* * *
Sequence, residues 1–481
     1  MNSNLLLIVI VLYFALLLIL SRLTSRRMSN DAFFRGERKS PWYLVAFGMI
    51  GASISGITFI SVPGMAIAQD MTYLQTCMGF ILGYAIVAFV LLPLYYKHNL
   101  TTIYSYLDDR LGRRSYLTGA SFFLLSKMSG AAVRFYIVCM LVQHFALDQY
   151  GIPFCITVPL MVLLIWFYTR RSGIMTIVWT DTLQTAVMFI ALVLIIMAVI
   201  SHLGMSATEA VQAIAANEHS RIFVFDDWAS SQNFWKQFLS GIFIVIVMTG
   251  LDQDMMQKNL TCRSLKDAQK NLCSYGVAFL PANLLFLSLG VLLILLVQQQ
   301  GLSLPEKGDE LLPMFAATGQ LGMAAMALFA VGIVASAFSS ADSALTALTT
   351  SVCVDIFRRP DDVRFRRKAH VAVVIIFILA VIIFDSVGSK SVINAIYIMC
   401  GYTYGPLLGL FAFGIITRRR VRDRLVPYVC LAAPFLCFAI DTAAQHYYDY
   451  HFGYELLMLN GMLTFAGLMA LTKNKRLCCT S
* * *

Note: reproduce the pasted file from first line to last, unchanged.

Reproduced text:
Sequence, residues 1–481
     1  MNSNLLLIVI VLYFALLLIL SRLTSRRMSN DAFFRGERKS PWYLVAFGMI
    51  GASISGITFI SVPGMAIAQD MTYLQTCMGF ILGYAIVAFV LLPLYYKHNL
   101  TTIYSYLDDR LGRRSYLTGA SFFLLSKMSG AAVRFYIVCM LVQHFALDQY
   151  GIPFCITVPL MVLLIWFYTR RSGIMTIVWT DTLQTAVMFI ALVLIIMAVI
   201  SHLGMSATEA VQAIAANEHS RIFVFDDWAS SQNFWKQFLS GIFIVIVMTG
   251  LDQDMMQKNL TCRSLKDAQK NLCSYGVAFL PANLLFLSLG VLLILLVQQQ
   301  GLSLPEKGDE LLPMFAATGQ LGMAAMALFA VGIVASAFSS ADSALTALTT
   351  SVCVDIFRRP DDVRFRRKAH VAVVIIFILA VIIFDSVGSK SVINAIYIMC
   401  GYTYGPLLGL FAFGIITRRR VRDRLVPYVC LAAPFLCFAI DTAAQHYYDY
   451  HFGYELLMLN GMLTFAGLMA LTKNKRLCCT S